Third, on the matter of economics, prospective students can avoid getting into life-sucking student debt by first honing their craft on their own [a nod to Kureishi here], and producing a solid writing sample to get into a fine arts program with waived tuition and/or scholarship.
Fourth, the BFA or MFA focuses on the professionalisation of creative writing. It helps a serious writer understand what it means to try to fuel their writing passions while having to juggle everything else in their lives, whether it's being a first-time parent or working two jobs. It also gets them into a dialogue about different aspects of the publishing industry, like contracts, intellectual property rights, royalties, literary agents, journal submissions, etc.
Fifth, you get to interact with faculty who are usually published authors themselves. Each professor will have personal insights to share about their own writing habits, approaches to craft and criticism, landing a book contract, among other things. Some professors are generous, and will open doors for writers with huge promise. Then there are the readings you're invited to, and get to attend. Sometimes, there are great tie-ups with nonprofits to give back to the community through the arts. Sometimes, there are literary magazines, on which students may work as fiction/poetry/reviews/interviews editors, readers, copyeditors, even designers if they're into that. Then, there's the community. You don't quite get that sort of community commitment with a reading group that meets four times a year. And after watching each other make major strides in writing over weekly workshops – the intense listening, reading, writing, critiques, and all that needlework over metaphor and imagery and punctuation and lineation – you really do forge lifelong friendships. You do journey together as writers henceforth. There's an incredible feeling years later when you see a fellow writer you workshopped with get work accepted into a literary journal, or have their book published.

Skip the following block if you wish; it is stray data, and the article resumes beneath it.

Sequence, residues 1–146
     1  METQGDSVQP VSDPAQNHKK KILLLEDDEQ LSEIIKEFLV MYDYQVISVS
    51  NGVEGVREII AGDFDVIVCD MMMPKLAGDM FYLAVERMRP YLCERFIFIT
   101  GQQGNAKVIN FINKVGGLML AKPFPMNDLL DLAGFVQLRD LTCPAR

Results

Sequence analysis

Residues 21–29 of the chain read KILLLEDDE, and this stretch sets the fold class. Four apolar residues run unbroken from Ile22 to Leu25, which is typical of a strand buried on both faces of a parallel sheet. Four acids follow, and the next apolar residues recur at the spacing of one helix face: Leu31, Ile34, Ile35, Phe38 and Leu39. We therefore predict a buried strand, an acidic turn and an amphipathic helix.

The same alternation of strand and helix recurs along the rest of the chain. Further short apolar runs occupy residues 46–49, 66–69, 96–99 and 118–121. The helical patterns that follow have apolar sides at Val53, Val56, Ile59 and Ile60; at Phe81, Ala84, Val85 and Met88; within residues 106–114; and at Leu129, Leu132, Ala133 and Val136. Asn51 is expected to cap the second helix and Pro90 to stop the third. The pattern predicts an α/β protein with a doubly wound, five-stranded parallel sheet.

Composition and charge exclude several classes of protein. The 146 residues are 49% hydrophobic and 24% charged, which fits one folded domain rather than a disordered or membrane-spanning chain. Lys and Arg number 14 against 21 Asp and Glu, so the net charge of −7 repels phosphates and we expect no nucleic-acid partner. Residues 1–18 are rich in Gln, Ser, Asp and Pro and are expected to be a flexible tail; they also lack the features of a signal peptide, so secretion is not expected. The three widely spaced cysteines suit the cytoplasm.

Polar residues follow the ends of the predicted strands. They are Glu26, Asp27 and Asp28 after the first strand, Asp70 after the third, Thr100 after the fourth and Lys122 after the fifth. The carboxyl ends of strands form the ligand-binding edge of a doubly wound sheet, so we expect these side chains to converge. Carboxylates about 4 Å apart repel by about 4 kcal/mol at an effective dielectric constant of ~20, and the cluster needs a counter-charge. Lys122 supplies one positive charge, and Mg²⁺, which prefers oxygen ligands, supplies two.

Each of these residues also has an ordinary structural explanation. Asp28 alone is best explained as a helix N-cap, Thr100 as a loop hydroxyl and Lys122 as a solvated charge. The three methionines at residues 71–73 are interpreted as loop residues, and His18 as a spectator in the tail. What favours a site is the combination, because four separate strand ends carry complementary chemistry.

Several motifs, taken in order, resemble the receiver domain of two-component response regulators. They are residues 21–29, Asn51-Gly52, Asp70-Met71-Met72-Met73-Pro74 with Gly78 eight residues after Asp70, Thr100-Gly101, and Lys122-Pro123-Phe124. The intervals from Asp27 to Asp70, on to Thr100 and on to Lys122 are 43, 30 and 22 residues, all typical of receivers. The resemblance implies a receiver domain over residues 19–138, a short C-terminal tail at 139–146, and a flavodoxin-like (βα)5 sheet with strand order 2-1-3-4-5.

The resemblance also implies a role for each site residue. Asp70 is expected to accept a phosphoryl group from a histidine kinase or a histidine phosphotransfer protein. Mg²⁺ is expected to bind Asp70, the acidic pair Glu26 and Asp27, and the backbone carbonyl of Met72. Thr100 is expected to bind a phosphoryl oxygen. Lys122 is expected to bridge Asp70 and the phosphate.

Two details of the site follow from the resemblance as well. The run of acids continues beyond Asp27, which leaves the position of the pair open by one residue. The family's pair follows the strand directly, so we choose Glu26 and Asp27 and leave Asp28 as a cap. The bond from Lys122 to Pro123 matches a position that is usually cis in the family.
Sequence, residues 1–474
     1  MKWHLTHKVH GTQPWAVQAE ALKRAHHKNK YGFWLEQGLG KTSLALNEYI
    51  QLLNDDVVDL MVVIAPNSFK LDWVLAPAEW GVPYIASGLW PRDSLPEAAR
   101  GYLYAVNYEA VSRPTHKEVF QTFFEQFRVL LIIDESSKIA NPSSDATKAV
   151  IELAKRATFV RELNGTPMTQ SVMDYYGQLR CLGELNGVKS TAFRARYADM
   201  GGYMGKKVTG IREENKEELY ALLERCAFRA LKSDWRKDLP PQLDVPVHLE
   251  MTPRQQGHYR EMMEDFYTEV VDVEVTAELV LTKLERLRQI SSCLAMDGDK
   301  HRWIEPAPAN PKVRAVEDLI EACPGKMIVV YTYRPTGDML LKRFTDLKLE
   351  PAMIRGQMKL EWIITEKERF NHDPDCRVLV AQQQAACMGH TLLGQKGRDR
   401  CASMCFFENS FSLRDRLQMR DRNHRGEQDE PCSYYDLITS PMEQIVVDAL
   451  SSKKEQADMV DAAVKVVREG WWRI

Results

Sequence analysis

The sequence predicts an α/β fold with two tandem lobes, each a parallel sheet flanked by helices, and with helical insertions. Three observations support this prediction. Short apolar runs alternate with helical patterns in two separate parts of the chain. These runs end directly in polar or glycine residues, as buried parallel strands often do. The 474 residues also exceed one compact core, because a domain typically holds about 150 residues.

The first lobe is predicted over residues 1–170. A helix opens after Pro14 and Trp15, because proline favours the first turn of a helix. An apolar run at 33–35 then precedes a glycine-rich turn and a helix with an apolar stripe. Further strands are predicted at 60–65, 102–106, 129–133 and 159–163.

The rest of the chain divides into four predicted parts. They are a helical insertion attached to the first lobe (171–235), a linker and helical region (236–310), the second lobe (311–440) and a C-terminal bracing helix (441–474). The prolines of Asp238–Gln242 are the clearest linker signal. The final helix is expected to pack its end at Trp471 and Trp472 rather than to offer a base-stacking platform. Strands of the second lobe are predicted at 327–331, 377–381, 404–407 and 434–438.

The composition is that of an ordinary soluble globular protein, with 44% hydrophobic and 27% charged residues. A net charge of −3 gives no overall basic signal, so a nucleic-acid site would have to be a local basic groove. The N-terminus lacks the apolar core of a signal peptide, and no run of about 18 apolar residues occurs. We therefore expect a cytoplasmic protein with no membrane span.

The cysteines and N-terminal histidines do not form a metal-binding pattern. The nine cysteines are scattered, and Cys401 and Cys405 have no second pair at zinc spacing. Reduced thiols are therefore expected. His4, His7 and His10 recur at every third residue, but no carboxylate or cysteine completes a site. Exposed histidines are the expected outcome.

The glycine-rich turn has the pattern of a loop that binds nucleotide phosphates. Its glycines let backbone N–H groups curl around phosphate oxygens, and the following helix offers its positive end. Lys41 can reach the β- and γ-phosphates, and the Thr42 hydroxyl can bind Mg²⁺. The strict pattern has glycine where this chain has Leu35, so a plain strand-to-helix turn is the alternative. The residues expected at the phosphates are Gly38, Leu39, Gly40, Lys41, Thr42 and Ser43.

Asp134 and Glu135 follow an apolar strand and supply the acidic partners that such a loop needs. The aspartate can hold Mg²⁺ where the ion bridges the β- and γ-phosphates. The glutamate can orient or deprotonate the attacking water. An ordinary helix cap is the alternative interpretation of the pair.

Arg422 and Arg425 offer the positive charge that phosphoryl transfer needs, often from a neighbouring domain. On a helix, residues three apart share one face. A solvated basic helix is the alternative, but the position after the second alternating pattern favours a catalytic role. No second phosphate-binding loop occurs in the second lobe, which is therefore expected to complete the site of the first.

Sixth, had I known I could write a poetry collection for my book-length thesis, I would have done it as an undergrad. Hell, in my time – that's more than 20 years ago – the first degree programme in media studies had yet to commence. I did love majoring in sociology and mass communication, and I did love studying world religions in my theology masters years later. But that creative dissertation for my MFA? I didn't need any convincing to bust my big ass working on it – man, I was enjoying the process so much, I would be one of a dozen people staying in over winter break, cooped up in the library just to get every shift in syntax right.
Seventh, the creative writing programme is wildly popular in the US, with over 300 accredited creative writing schools, with even more offered courses. Here, in Singapore, the field is experiencing a great start. So, we're nowhere near a saturation point, or of having too many graduating students realising on hindsight that they didn't have the talent or stamina or interest or love of literature to take up the degree or pursue a writing career. In fact, we're probably ignoring a good many very talented writers, who would have benefited greatly from such an immersion. An immersion in a safe and creative space.